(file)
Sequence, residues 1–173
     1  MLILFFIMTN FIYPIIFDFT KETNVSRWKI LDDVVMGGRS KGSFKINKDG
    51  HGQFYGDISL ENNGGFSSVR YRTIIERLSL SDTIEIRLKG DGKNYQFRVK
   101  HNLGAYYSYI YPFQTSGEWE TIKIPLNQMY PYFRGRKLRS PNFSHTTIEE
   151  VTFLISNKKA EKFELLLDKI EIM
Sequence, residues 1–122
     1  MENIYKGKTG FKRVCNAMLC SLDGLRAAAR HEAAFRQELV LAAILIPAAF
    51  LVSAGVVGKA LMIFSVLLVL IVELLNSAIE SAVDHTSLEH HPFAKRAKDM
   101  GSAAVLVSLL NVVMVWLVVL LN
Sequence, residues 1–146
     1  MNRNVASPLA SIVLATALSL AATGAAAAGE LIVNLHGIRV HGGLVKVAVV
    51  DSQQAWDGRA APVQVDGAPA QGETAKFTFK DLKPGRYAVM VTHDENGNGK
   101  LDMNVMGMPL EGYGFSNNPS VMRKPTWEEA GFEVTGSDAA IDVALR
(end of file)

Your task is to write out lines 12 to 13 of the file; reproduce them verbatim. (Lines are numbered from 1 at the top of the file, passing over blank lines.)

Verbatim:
    51  DSQQAWDGRA APVQVDGAPA QGETAKFTFK DLKPGRYAVM VTHDENGNGK
   101  LDMNVMGMPL EGYGFSNNPS VMRKPTWEEA GFEVTGSDAA IDVALR